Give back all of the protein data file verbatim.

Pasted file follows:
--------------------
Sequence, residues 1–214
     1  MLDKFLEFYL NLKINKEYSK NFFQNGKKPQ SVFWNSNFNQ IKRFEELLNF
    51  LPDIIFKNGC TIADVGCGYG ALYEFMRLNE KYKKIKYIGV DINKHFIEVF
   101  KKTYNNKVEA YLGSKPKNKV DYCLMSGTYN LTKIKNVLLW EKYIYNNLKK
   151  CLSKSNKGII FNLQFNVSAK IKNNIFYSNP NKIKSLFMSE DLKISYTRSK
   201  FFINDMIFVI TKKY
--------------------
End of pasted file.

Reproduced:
Sequence, residues 1–214
     1  MLDKFLEFYL NLKINKEYSK NFFQNGKKPQ SVFWNSNFNQ IKRFEELLNF
    51  LPDIIFKNGC TIADVGCGYG ALYEFMRLNE KYKKIKYIGV DINKHFIEVF
   101  KKTYNNKVEA YLGSKPKNKV DYCLMSGTYN LTKIKNVLLW EKYIYNNLKK
   151  CLSKSNKGII FNLQFNVSAK IKNNIFYSNP NKIKSLFMSE DLKISYTRSK
   201  FFINDMIFVI TKKY